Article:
RAPS’ CEO, Eyal Lichtmann, meanwhile, vehemently denied Wilson had been kept in the dark over the fundraiser’s running total and said his organization would never offer to throw money into the pot for a procedure which would have to take place outside of RAPS.

Lichtmann told the News that Wilson “cannot provide anything in writing” about the $5,000 kick-in from RAPS and that she was simply “making it up.”

In terms of Wilson’s claims of being kept in the dark over the fundraiser’s running total, Lichtmann dismissed her as being “distraught.”

“She wants to save her dog and I understand that. We get a lot of crazy animal people doing different things when they’re distraught,” he said.

Over the past weekend, when Wilson took to social media to express her frustration with RAPS, it became apparent that $5,500 had been raised.

That was, according to Wilson, the first time any kind of figure had surfaced, despite her sending several emails to RAPS in January and February.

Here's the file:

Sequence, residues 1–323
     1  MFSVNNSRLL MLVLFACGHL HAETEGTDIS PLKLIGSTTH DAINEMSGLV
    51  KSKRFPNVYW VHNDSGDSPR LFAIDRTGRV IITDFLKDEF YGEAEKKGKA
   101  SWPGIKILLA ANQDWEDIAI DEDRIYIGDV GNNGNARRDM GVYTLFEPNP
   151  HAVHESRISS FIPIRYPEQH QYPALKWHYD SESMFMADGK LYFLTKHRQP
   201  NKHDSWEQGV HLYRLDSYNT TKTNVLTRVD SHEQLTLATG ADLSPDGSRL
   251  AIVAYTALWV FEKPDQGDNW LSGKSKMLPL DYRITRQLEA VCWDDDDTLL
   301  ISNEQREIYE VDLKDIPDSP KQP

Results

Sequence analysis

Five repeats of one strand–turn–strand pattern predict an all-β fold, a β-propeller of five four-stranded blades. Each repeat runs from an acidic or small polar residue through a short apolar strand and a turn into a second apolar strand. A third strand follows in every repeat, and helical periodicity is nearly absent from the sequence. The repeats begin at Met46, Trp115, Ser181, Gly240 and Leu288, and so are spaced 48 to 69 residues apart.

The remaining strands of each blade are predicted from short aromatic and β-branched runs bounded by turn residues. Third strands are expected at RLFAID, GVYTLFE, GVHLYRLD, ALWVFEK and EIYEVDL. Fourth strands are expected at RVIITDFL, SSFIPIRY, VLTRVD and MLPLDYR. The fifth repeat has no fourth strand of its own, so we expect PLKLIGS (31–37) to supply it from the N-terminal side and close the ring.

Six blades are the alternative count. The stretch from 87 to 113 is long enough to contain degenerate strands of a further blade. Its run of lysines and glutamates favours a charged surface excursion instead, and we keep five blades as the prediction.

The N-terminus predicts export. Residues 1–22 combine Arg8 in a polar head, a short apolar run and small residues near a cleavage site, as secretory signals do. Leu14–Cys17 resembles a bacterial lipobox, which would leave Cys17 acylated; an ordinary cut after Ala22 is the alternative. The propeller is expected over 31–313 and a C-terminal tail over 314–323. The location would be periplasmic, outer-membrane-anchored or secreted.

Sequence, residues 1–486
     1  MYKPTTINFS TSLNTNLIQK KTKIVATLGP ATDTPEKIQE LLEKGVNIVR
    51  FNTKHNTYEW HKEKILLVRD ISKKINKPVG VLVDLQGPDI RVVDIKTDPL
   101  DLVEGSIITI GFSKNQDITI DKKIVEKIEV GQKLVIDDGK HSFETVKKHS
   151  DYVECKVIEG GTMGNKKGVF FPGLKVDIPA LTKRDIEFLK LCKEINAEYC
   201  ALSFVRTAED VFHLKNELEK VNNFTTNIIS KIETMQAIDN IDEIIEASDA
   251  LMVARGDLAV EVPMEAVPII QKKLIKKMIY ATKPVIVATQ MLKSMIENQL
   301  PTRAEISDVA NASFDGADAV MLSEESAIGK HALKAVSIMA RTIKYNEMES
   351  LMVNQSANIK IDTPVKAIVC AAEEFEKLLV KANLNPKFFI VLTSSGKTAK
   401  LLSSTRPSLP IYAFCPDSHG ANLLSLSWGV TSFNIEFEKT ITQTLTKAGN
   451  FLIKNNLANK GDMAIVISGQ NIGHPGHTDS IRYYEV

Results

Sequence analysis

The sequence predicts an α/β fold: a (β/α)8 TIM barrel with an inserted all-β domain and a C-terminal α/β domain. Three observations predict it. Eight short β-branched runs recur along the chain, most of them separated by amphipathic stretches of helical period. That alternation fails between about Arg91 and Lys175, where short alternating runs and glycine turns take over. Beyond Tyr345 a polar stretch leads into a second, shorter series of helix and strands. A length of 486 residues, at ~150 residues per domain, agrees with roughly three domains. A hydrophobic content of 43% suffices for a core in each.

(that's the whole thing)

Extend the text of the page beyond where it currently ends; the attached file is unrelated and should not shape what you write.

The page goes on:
“I realized, I don’t get to see who’s donating and how much, there’s no tracking it to see how well it’s doing (on RAPS’ website),” Wilson told the News.

“I was regularly going on Facebook, saying to people, I’m so sorry, I don’t know for sure who’s donating, but I thank you anyway.

“Then all these people were contacting me saying they had donated this and that so I had a kind of a rough running tally in my head.”

Wilson said she was told in early January by RAPS that the fundraiser wasn’t going that well and they would re-launch it in mid-January.

However, Rhoda’s health was waning a little and Wilson was eager to know if the operation was going to happen or not.